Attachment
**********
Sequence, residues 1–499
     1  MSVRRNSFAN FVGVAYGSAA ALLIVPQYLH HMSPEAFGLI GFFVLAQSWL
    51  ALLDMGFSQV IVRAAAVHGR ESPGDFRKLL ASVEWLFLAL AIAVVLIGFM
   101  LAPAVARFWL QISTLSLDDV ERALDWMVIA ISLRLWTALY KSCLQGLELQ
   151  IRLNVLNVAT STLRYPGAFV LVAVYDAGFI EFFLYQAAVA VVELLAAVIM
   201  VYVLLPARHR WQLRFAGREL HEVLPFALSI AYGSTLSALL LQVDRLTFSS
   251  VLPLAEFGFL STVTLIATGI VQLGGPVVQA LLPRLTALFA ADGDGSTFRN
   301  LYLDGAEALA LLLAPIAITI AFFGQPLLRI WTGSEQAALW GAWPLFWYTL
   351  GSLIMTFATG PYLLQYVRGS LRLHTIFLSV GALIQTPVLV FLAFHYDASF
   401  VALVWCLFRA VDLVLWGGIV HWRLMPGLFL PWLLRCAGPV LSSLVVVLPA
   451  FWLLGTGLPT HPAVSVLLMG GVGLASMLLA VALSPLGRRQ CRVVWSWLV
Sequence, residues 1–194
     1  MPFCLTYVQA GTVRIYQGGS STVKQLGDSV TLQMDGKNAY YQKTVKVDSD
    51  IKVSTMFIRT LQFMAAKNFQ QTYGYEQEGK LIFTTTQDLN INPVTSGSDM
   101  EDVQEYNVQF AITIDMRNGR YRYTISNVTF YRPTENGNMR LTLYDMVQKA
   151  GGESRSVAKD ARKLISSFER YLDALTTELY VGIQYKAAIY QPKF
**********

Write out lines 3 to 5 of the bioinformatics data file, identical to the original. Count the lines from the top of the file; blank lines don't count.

    51  ALLDMGFSQV IVRAAAVHGR ESPGDFRKLL ASVEWLFLAL AIAVVLIGFM
   101  LAPAVARFWL QISTLSLDDV ERALDWMVIA ISLRLWTALY KSCLQGLELQ
   151  IRLNVLNVAT STLRYPGAFV LVAVYDAGFI EFFLYQAAVA VVELLAAVIM